Canadian composer Blake Gibson, aka Broken Harbour, has quite obviously been in an intensive musical growth phase over these past couple of years. He explores still new stylistic material in this latest release, an extension of the ideas developed in his Gramophone Transmissions. As in this earlier album, the compositions pulse and oscillate with a mysterious sense of message;  I am reminded of the science fiction movie Contact. Gibson seems to be "tuning into" some kind of transmission, and its origin is distant, or perhaps as close as inner space. In his liner notes, he explains how the material emerged from a stem recording (entitled Ansible, like the final track), underwent extensive metamorphosis, and emerged transformed, burning away all traces of the original. I think that is such an interesting and original way to work, and it's really paid off in this worthy recording. "Ansible," by the way, is a term coined by Ursula LeGuin, to refer to a device capable of instantaneous communication over vast distances. It's a key concept for this album, and most probably a core motif for the work of Broken Harbour.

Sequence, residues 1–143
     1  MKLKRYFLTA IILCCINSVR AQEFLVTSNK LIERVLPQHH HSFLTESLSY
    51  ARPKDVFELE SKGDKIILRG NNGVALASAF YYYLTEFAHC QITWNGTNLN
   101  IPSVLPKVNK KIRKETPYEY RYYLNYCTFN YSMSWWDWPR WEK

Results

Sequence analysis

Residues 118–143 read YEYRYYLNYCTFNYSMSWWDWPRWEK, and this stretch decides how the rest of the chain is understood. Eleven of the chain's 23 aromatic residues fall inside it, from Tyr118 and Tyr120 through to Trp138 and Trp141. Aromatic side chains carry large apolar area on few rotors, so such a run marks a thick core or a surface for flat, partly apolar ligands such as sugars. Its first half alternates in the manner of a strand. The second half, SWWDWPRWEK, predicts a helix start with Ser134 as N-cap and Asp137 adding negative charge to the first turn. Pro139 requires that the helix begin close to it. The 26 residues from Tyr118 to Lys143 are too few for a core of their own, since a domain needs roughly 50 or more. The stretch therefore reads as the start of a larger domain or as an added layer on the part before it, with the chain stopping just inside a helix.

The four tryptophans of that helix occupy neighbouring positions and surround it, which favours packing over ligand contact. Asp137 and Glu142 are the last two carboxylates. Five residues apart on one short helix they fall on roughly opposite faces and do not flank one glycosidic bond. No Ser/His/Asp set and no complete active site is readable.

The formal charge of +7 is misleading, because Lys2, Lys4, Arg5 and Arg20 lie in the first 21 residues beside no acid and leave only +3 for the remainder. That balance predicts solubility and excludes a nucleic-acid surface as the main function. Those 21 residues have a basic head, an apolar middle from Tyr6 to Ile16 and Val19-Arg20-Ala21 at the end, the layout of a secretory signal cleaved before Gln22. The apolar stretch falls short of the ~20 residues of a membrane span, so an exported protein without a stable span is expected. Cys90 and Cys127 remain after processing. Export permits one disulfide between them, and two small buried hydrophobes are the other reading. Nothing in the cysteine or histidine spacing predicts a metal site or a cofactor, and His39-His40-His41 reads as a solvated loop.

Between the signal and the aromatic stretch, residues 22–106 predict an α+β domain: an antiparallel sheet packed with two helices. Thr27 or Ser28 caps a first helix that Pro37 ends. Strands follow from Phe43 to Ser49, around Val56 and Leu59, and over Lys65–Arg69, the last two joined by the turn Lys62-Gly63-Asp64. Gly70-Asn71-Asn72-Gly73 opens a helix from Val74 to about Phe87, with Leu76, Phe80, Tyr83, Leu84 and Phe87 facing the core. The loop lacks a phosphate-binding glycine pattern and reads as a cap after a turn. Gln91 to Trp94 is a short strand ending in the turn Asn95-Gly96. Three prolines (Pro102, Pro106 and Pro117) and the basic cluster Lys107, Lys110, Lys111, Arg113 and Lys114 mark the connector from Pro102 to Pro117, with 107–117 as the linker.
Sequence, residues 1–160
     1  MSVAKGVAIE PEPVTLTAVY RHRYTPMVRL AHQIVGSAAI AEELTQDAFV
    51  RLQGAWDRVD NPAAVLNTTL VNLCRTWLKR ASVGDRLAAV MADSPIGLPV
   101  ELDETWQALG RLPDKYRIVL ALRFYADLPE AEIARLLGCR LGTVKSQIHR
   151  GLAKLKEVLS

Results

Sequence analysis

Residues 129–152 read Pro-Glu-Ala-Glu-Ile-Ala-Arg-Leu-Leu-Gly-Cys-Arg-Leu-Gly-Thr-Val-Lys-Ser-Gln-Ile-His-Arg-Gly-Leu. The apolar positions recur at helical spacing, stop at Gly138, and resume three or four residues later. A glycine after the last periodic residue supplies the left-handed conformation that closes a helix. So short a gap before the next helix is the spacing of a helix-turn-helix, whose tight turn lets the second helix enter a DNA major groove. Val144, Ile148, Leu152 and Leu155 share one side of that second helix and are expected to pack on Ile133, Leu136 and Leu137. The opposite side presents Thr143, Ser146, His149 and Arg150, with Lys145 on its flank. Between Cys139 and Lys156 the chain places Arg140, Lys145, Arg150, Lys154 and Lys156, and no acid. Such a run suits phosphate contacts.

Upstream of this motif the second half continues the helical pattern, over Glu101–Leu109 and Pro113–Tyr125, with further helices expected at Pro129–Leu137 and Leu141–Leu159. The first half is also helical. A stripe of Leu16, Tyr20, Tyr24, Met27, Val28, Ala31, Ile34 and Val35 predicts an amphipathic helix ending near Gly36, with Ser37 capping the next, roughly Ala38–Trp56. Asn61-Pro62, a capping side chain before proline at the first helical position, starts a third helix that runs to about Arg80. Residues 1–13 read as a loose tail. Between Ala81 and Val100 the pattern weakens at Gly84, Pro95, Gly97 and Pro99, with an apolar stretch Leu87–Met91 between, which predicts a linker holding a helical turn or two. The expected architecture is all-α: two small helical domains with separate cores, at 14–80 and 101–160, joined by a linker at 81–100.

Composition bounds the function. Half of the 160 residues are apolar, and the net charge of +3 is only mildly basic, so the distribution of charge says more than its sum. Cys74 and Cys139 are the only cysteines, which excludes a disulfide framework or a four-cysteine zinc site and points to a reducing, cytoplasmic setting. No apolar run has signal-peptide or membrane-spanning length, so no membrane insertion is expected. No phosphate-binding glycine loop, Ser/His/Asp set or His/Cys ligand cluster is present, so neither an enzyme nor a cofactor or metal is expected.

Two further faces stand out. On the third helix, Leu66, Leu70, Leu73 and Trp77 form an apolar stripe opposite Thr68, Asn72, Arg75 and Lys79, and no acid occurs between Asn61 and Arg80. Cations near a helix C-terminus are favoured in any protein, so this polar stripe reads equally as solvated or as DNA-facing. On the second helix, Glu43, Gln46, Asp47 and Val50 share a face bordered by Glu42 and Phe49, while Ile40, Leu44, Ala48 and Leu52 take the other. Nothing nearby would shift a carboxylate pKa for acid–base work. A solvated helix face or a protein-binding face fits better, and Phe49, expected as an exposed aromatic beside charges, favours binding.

The component pieces of The Geometry of Shadows are vast soundscapes, carefully crafted to present themselves as whole entites from the beginning-- and as evolving journeys that carry the listener from one state to another. They each have a way of coming gradually into focus, revolving and revealing themselves, and then retracting from view. I use visual metaphors because the music lends itself so easily to abstract visualization. They are very much, as the composer says, reflections on the "interplay of light and darkness." I always check how I feel after an intensive headphone listening session of ambient music--in the this recording, I feel refreshed and quiet, like the music has cleansed me and returned me to the world more myself; I really can't ask for much more out of music.